Have you been spending your cold winter nights sifting through seed catalogs, picturing your plantings and pining for spring? Well, share your dream designs with others as part of a Vegetable Variety Trial challenge from the CCE’s Garden-based Learning team. For the third year, the team will be installing nine 3x3 raised beds in a demo garden on the Cornell campus, to showcase different vegetable and herb varieties, incorporating ecological gardening practices. One - or more - of those beds could feature your design. Designs will be featured on an online photo gallery for all to view, share feedback and vote on favorites. A panel of CCE Master Gardener Volunteers and educators will review and choose the winning entries. More details can be found here. It’s part of the Vegetable Variety Trial project, which aims to gather data used to create a recommended list of vegetable and herb varieties for New York State gardeners. Gardeners are invited to contribute their own recommendations via the Vegetable Varieties for Gardeners citizen science online forum.
On Tuesday, December 10, Judson Reid, senior extension specialist with Cornell Cooperative Extension (CCE), spoke to the New York State Assembly Agriculture Committee about the burgeoning economic impact of CCE’s successful Harvest NY pilot program. Committee chairman Bill Magee invited Reid to talk about his work with the Cornell Vegetable Program and as a supervisor for the Harvest NY team, which has had numerous positive impacts on western, NY agriculture and the regional economy since it was formed in 2012.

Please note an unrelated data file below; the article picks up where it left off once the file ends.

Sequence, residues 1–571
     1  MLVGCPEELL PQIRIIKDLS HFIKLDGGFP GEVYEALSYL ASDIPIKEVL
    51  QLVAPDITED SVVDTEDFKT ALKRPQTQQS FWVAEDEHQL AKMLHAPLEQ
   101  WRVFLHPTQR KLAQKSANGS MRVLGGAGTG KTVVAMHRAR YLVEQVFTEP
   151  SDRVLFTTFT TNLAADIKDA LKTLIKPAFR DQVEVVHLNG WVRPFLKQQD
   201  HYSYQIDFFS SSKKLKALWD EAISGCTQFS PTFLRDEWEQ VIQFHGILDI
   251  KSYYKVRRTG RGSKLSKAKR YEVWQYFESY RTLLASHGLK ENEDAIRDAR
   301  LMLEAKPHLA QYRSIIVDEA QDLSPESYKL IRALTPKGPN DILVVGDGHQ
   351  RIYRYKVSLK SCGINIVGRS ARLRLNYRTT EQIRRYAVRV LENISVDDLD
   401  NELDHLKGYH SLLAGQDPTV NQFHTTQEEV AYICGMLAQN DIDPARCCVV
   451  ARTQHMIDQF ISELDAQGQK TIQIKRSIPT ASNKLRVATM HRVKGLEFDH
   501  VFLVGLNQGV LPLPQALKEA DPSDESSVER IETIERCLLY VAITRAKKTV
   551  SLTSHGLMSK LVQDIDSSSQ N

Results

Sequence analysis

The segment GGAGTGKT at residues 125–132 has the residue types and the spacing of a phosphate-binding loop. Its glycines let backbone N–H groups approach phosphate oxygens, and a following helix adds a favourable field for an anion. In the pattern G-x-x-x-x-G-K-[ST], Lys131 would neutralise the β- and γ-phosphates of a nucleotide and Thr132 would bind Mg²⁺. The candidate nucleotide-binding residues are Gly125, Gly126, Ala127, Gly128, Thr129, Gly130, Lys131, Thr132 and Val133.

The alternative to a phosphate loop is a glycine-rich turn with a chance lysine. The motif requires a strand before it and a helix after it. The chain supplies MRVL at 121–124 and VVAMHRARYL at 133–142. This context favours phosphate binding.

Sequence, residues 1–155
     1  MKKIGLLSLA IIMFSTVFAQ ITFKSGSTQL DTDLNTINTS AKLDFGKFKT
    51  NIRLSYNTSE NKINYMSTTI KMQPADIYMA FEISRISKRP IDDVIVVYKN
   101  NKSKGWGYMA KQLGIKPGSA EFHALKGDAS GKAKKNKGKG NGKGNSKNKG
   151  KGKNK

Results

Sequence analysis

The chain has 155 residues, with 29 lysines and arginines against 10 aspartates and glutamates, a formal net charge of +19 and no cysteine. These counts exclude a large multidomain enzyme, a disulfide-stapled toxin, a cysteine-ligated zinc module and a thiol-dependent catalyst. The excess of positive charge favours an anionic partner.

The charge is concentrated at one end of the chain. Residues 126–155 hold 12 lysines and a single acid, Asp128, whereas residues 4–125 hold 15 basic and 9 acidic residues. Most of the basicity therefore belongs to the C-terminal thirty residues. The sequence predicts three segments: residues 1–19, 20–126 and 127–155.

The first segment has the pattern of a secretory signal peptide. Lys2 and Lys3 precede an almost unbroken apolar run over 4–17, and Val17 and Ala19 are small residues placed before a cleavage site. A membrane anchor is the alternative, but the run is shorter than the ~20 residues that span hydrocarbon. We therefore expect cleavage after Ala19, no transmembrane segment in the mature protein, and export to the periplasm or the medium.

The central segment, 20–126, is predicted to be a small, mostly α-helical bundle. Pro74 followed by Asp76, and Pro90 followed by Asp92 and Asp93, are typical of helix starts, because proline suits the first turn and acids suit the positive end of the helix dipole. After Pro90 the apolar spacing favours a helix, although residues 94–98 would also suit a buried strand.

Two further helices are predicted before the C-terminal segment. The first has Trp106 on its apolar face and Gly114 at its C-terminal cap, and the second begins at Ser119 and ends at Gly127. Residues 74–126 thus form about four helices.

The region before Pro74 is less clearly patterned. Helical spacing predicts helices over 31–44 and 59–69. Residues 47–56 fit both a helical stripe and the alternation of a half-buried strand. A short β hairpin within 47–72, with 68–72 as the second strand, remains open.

For example, the program, which builds upon existing extension resources to generate agriculture-driven economic development, has played an important role in helping to support the region’s yogurt processing boom by training hundreds of new employees in dairy foods sanitation and safety. In addition, it has enhanced and expanded access to local food hubs and produce auctions to increase revenue for area vegetable producers. It has also worked with local dairy farmers to modernize their operations to increase milk production and herd size. Reid emphasized the importance of continued state funding for this important program and urged lawmakers to consider a new proposal that would expand Harvest NY statewide, providing similar benefits to farmers, producers and rural economies across New York.
Reid also spoke about his favorite vegetable, hot peppers, and field trials the Cornell Vegetable Program is currently conducting on newly developed varieties of vegetables that aim to meet growing demand from New York’s Latino and Asian populations for locally sourced ethnic vegetables.
Looking for something constructive to do during your winter break? How about a “winternship” with a Cornell startup? According to the Dyson School’s entrepreneurship blog, it’s not too late to chase positions in a number of fields, from business development, marketing and finance to engineering and software design. Many companies are also recruiting for spring and summer as well.